SA: I think dance music has always been around here (Europe). The difference with America is the second the genre is successful in America, every brand in America wants to be associated with it. America is very brand driven. Then all of a sudden you hear dubstep in a McDonald’s ad. That’s typical America. I lived during the winters in America the past five or six years, that’s exactly what it is. You have no idea how many weird requests I’ve had. I’ve had everything from oil to butter to coffee. I was like, ‘Yeah, I use butter on all my records.’ (Laughs) It’s America. They just kind of go all in. The second Ke$ha is super successful, she’s on every cover in the world. The people (advertisers) that are sitting there are super uncreative. It’s good that they embrace it (EDM), but I’m not going to sell it with butter.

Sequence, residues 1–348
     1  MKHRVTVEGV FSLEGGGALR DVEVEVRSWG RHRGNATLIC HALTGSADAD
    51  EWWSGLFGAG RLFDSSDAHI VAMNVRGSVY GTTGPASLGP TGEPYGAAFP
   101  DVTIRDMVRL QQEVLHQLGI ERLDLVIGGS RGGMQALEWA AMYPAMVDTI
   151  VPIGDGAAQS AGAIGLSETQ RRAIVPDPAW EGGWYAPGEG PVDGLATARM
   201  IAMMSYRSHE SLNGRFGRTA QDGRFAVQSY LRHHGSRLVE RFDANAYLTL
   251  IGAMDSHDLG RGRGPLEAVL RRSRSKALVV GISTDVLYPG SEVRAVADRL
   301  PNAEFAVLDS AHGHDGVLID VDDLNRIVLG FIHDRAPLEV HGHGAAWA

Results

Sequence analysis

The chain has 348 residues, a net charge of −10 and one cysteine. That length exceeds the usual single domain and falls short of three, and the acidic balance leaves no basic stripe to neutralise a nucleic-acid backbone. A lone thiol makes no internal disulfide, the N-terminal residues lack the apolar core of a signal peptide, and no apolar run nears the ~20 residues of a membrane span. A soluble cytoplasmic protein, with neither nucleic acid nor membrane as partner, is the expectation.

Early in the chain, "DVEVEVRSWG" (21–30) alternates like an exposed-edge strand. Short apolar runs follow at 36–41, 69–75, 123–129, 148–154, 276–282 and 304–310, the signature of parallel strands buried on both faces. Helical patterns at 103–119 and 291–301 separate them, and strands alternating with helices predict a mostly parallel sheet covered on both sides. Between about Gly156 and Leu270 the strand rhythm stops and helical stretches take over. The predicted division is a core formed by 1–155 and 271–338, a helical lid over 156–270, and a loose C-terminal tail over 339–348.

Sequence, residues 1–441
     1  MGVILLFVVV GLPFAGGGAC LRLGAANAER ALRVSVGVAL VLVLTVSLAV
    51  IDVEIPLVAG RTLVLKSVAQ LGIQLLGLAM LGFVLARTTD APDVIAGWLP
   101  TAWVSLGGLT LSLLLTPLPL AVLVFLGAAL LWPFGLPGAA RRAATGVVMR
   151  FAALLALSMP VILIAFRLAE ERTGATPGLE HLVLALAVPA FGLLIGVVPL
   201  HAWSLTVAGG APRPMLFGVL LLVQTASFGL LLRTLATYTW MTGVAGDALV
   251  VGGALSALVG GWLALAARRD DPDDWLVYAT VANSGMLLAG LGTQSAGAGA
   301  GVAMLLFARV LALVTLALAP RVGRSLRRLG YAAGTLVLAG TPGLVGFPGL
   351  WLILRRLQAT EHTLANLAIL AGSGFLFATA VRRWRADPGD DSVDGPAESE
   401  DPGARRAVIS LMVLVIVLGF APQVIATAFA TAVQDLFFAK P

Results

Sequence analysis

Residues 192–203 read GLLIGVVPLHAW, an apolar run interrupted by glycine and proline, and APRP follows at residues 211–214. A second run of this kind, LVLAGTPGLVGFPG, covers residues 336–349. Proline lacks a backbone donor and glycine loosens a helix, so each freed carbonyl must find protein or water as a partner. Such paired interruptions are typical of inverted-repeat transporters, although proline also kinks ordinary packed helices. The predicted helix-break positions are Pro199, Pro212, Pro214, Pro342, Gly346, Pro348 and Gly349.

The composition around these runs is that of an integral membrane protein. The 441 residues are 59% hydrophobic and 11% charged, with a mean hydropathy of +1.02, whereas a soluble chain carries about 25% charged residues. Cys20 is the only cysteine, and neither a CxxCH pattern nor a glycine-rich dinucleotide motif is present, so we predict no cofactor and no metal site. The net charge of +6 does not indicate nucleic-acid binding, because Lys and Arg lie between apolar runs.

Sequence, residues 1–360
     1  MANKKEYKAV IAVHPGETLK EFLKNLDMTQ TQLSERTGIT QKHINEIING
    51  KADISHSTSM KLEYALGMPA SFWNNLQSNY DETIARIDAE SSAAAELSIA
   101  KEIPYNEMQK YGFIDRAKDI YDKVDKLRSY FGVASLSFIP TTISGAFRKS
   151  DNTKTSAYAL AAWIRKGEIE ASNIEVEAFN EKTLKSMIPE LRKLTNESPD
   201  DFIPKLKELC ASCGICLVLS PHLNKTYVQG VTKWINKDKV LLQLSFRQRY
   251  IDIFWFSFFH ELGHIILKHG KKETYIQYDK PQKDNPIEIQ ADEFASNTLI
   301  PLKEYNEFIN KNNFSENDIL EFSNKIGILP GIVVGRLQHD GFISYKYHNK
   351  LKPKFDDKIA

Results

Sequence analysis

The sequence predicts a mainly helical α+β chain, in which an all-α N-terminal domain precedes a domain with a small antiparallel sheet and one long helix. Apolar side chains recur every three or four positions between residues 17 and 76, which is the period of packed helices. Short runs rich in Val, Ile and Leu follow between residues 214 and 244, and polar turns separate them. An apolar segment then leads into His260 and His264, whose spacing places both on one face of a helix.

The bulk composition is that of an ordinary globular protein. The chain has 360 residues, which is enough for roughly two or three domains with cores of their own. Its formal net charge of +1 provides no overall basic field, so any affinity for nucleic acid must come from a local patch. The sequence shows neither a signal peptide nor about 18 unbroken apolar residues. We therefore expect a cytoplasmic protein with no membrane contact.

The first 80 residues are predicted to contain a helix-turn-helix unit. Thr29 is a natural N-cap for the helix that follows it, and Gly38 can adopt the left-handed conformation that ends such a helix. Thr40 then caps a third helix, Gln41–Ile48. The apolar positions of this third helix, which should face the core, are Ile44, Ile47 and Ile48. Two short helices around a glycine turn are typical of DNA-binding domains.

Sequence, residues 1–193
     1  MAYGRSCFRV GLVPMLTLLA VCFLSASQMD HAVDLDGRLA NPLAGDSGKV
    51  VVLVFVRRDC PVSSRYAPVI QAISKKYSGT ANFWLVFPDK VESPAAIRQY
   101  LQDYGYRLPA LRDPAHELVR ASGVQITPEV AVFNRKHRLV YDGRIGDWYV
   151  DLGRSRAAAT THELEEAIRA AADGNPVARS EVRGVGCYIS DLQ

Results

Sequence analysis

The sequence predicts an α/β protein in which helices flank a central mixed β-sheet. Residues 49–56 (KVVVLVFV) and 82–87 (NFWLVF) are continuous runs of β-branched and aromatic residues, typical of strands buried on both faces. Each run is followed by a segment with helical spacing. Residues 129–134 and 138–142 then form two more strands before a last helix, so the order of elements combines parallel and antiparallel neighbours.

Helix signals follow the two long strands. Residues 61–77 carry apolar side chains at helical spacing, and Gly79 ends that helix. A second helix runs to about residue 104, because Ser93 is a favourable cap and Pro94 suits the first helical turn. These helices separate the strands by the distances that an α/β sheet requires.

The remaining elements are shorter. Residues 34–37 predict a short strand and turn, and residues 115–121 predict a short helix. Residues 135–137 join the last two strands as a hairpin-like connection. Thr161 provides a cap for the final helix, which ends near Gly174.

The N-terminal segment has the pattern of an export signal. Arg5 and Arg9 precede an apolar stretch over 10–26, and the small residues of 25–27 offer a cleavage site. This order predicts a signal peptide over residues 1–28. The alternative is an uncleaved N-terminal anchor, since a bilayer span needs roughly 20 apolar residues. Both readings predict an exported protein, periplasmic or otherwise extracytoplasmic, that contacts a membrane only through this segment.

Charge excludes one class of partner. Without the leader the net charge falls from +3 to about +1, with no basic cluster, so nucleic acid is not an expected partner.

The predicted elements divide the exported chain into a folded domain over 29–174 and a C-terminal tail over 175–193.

L+T:Do you think a DJ is a musician?
SA: I think that a DJ is a composer. I wouldn’t use “musician” because a musician is playing instruments, so I would probably use a composer.
L+T: I haven’t been told that one before.
SA: I am different.
L+T: I’ve been told everything else but that. On a side note, some of the DJs that I’ve spoken to walked me through their past when they initially deejayed with Technics and vinyl records. Then, the transition to software, controllers and other electronics was a bit of a hurdle for them. Was it a challenge for you?
SA: No, I’ve always been extremely geeky. I want things, I love things. I love the latest watch, headphones…I want all of the latest software. So, it wasn’t that hard. I do miss vinyl. I miss the way it sounded. I miss the process of making a vinyl. I love to go to the room where they did all of the mastering. I kind of miss having something in your hand. I like to hold an artwork or a magazine. I liked holding a vinyl. Now, it’s only files and folders. That part of it is really boring. You have to figure out what you have to do to create stuff. I have a sub label that I’m starting now, it’s going to be called Size X and we’re going to start doing vinyls again. I want to bring it back.